Health inequalities in lesbian, bisexual and trans women

Speech in the House of Commons on a motion raised by Hannah Bardell MP

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I beg to move, That this House has considered lesbian, bisexual and trans women’s health inequalities. It is a pleasure to move the motion and to speak in this very important debate on lesbian, bisexual and transgender women’s health in the week we have been observing for considering such issues. The aim of the LBT Women’s Health Week is to raise awareness about lesbian, gay, bisexual, trans and queer women’s health inequalities, to make it easier for service providers to empower service users and to make it easier for communities to support LGBTQ women. Up front, I will declare an interest as a lesbian, who also suffers from anxiety and other mental health issues.

I know that my own experiences have taught me a huge amount. In recent months and years of reflection since I came out in 2015, I have had a little bit of time, despite the political storms we have lived through in recent years, to reflect on some of the reasons why it took me so long to come out.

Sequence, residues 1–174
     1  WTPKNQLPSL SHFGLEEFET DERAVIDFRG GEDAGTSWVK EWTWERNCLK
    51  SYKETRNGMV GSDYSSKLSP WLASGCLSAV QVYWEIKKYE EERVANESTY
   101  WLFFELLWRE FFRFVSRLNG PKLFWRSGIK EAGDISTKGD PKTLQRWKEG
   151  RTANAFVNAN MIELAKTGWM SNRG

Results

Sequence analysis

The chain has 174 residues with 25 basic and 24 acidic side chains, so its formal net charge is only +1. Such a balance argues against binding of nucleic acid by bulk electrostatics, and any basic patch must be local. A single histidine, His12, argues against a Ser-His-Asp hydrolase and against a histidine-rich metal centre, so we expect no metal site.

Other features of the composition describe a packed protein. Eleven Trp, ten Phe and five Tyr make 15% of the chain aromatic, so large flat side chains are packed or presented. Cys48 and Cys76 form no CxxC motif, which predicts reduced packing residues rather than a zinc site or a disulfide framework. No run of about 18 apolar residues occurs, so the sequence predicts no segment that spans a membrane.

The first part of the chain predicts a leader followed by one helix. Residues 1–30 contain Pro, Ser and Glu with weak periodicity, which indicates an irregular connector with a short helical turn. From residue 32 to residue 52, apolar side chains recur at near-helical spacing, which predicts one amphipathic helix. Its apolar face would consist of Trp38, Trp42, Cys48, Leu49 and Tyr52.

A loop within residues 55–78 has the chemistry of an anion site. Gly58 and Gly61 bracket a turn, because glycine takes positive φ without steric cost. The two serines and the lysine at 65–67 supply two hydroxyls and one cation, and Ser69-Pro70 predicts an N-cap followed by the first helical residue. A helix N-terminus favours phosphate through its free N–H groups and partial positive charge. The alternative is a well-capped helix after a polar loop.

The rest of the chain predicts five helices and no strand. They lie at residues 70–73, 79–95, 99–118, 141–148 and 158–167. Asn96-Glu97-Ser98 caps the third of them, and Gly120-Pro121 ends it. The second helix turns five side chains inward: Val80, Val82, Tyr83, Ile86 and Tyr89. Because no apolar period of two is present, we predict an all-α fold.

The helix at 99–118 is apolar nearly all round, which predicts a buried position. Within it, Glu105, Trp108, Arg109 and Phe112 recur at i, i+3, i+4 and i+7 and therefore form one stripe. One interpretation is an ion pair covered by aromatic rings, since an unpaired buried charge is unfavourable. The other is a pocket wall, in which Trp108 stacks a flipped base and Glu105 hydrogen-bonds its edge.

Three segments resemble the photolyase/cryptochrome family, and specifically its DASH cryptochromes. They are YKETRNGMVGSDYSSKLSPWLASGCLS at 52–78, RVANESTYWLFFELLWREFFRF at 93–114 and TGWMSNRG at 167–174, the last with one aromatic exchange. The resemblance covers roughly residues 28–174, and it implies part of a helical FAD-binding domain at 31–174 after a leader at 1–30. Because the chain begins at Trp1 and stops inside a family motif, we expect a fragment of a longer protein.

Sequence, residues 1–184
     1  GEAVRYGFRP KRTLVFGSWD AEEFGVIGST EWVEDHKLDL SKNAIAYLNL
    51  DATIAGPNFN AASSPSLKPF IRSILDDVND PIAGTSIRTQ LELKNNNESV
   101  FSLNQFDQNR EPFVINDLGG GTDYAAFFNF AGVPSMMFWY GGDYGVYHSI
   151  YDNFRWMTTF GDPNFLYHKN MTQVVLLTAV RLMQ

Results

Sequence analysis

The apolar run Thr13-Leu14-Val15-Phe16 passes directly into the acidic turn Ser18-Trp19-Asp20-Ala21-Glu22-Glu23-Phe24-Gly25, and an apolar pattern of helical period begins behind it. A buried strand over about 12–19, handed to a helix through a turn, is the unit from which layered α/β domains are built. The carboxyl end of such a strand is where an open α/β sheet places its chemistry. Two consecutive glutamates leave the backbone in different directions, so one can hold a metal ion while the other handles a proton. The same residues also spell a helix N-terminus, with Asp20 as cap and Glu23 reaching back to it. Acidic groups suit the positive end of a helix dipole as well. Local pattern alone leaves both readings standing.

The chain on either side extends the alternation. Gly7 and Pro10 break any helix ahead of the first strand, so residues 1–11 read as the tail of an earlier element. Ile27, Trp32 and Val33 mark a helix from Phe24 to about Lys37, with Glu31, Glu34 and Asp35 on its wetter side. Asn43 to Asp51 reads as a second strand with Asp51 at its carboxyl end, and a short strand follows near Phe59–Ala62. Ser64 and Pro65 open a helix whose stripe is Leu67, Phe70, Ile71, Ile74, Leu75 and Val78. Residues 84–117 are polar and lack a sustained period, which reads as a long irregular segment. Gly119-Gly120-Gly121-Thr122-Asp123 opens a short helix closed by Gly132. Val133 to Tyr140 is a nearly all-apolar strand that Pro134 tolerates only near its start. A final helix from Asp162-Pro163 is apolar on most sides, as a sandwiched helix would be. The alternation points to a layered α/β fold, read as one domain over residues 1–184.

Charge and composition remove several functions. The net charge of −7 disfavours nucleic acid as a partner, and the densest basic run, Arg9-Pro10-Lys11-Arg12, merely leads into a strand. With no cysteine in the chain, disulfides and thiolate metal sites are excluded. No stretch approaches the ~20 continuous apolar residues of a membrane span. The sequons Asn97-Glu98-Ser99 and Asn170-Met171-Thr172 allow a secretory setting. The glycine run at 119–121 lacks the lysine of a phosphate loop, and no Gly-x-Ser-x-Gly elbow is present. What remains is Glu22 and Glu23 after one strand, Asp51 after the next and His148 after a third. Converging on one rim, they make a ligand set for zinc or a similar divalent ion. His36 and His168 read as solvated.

I am very grateful to the Backbench Business Committee for granting this debate, and to the many charities and organisations that operate in the LGBTQ space that have provided briefings for today, as well as our healthcare professionals—I know we will discuss them today, but we must pay tribute to them—and to the Women and Equalities Committee and the Parliamentary Office of Science and Technology, which have done much work and produced reports that many of us will draw on. I know some controversial issues will be discussed today, but I am certain that we will hold this debate and have our discussions with respect and integrity.